Upgrade Path Options from 6500 SUP720-3BXL for Edge Routing

Saku Ytti saku at ytti.fi
Wed Jul 30 13:43:33 UTC 2014


On (2014-07-30 08:06 -0500), Jimmy Hess wrote:

> Keep in mind most of the MX series makes the 6500  look like a 5 port
> linksys home router,  when it comes to carrying around and managing
> large BGP tables;  both in terms of prefix capacity, speed,  the
> policy/filtering/configuration management functionality of the OS,
> and how they will take the  route update "beating"  during  setup of
> new multiple BGP sessions...
> 
> The SUP2T  is   about  a 100% increase in TCAM size,  but  still
> pretty limited  in terms of  system resources.
> 
> You can also "protect" your investment if appropriate by taking  this
> late 1990s gear off your BGP edge, or otherwise recruiting it for a
> role  which it is more suited for in this day and age, where  it is
> not handling full tables and thus the feeble amount of FIB size, CPU,
> memory  are  no potential hinderance now or on the next 10 years.

These seem cute anecdotes but I'm not sure how appropriate they are.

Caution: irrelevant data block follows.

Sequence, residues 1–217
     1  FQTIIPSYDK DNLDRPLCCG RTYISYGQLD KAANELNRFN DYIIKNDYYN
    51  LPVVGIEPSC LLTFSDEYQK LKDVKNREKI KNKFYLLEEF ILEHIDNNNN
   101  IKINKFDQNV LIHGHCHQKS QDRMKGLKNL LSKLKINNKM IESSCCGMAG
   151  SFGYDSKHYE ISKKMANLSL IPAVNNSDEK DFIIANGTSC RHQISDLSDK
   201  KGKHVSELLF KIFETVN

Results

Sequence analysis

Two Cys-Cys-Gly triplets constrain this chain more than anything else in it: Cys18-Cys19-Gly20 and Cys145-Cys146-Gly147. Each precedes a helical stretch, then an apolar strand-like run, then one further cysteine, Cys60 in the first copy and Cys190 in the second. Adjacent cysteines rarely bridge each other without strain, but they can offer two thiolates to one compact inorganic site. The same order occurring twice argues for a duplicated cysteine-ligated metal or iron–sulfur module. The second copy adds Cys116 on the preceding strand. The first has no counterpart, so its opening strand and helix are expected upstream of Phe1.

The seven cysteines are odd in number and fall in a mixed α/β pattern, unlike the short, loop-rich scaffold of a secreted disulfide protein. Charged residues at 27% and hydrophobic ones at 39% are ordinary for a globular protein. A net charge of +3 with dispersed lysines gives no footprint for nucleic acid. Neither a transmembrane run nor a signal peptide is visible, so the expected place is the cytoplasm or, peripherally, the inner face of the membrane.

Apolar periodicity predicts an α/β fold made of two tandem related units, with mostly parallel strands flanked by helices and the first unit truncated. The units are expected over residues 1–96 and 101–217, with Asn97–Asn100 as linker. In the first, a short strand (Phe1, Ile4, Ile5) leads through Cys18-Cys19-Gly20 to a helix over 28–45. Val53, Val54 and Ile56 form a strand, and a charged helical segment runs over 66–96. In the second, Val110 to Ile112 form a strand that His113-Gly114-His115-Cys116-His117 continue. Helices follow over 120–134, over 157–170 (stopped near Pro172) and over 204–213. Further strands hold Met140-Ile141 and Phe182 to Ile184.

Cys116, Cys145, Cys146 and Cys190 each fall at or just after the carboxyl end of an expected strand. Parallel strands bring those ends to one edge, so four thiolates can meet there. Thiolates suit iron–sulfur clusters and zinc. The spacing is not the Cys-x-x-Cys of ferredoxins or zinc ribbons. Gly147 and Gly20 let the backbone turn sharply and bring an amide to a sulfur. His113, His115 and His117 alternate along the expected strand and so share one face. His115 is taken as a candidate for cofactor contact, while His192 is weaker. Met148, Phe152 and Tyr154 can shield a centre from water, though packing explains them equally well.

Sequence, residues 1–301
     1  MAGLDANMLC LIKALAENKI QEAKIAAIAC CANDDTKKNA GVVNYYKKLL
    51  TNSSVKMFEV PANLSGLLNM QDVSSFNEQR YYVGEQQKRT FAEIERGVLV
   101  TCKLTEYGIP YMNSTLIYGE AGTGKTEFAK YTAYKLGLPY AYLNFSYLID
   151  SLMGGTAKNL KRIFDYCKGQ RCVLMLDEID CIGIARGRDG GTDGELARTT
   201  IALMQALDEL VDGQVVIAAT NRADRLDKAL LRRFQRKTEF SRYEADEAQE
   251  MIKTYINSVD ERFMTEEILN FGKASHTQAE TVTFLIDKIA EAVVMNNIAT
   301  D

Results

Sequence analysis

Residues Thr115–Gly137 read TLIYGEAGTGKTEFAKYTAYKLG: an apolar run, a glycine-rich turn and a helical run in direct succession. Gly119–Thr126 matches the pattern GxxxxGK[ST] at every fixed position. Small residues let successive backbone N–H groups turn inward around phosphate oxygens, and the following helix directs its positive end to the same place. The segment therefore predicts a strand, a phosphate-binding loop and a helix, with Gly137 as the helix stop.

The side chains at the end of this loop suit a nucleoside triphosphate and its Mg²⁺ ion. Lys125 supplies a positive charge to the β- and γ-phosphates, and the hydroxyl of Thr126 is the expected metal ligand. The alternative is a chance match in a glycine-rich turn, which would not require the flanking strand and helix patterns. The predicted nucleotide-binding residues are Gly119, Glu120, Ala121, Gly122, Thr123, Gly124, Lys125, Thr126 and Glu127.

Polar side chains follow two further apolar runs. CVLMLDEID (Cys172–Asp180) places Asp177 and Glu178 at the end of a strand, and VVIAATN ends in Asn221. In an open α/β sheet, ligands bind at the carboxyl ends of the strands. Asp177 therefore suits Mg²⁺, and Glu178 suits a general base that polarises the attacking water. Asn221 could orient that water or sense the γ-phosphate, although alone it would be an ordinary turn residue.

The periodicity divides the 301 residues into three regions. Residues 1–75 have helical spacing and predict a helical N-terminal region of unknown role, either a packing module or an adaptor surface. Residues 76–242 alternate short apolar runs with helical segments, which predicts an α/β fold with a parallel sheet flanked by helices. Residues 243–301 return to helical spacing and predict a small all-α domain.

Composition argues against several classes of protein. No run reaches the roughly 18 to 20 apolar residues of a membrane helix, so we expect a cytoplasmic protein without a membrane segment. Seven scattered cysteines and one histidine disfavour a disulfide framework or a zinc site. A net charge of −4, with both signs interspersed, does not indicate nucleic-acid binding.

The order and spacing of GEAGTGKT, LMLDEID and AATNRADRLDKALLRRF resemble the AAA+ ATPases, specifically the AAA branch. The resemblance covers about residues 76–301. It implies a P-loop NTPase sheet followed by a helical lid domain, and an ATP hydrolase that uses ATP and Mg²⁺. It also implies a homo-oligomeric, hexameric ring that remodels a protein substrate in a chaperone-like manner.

CAT6880 is XEON control-plane, and if we compare MX80 and RSP720, where RSP720
has slightly lower performance CPU, RSP720 out-performs MX80 (and MX104) in
BGP convergence and BGP scale.
Certainly if you compare SUP720 to XEON MX960, your anecdote is accurate.

JunOS is architecturally quite similar to IOS-XE, single fat process (iosd,
rpd) doing all the relevant work, running on modern control-plane (linux,
freebsd). One advantage to iosd is, that it's actually multithreaded unlike
rpd.

Obviously Sup2T/6880 2M FIB is limited, but what is JNPR MX scale? Trio has
256MB RLDRAM for everything, looking at my MX IPv4 FIB memory consumption
divided by entry size, it pegs IPv4 entry to 77B (seems massive), which would
translate to 3.5M IPv4 FIB upper bound, if nothing else is there.
Realistically, I don't think JNPR promises anywhere near this. So the FIB
scale may be pretty similar in both.

So I don't think FIB, control-plane or software are selling-points here. Where
MX shines, is deep services, with CAT you have relatively dumb ASIC, while MX
is capable for very deep services with its NPU.

If you can reuse existing LC and skill investment while living with limited
forwarding-plane functionality offered, it seems entirely sensible solution,
and in no way more '90s technology' than MX.

If you need deep services, of course it's wrong box, then MX or ASR9k is what
you should be looking at.

-- 
  ++ytti


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